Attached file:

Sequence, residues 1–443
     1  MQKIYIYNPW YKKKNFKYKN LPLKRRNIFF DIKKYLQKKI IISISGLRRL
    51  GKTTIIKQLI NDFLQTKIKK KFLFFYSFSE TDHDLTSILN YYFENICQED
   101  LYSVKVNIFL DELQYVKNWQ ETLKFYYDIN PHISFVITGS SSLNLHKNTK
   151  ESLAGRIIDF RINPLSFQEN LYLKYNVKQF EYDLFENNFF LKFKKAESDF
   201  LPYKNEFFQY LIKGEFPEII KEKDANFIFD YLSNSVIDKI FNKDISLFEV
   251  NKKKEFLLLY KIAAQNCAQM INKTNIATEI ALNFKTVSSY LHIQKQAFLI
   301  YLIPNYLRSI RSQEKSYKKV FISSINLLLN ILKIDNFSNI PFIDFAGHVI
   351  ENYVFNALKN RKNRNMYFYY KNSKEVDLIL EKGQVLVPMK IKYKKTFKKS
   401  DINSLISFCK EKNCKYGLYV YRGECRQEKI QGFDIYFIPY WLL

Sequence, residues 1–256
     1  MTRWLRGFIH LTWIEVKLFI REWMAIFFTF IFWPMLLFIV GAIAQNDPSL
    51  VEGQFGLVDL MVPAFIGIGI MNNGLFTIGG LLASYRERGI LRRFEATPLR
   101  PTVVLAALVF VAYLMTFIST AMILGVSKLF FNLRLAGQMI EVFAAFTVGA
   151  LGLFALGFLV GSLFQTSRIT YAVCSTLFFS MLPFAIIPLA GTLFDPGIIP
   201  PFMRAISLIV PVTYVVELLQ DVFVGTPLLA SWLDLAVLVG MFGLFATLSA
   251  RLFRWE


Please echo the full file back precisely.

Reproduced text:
Sequence, residues 1–443
     1  MQKIYIYNPW YKKKNFKYKN LPLKRRNIFF DIKKYLQKKI IISISGLRRL
    51  GKTTIIKQLI NDFLQTKIKK KFLFFYSFSE TDHDLTSILN YYFENICQED
   101  LYSVKVNIFL DELQYVKNWQ ETLKFYYDIN PHISFVITGS SSLNLHKNTK
   151  ESLAGRIIDF RINPLSFQEN LYLKYNVKQF EYDLFENNFF LKFKKAESDF
   201  LPYKNEFFQY LIKGEFPEII KEKDANFIFD YLSNSVIDKI FNKDISLFEV
   251  NKKKEFLLLY KIAAQNCAQM INKTNIATEI ALNFKTVSSY LHIQKQAFLI
   301  YLIPNYLRSI RSQEKSYKKV FISSINLLLN ILKIDNFSNI PFIDFAGHVI
   351  ENYVFNALKN RKNRNMYFYY KNSKEVDLIL EKGQVLVPMK IKYKKTFKKS
   401  DINSLISFCK EKNCKYGLYV YRGECRQEKI QGFDIYFIPY WLL

Sequence, residues 1–256
     1  MTRWLRGFIH LTWIEVKLFI REWMAIFFTF IFWPMLLFIV GAIAQNDPSL
    51  VEGQFGLVDL MVPAFIGIGI MNNGLFTIGG LLASYRERGI LRRFEATPLR
   101  PTVVLAALVF VAYLMTFIST AMILGVSKLF FNLRLAGQMI EVFAAFTVGA
   151  LGLFALGFLV GSLFQTSRIT YAVCSTLFFS MLPFAIIPLA GTLFDPGIIP
   201  PFMRAISLIV PVTYVVELLQ DVFVGTPLLA SWLDLAVLVG MFGLFATLSA
   251  RLFRWE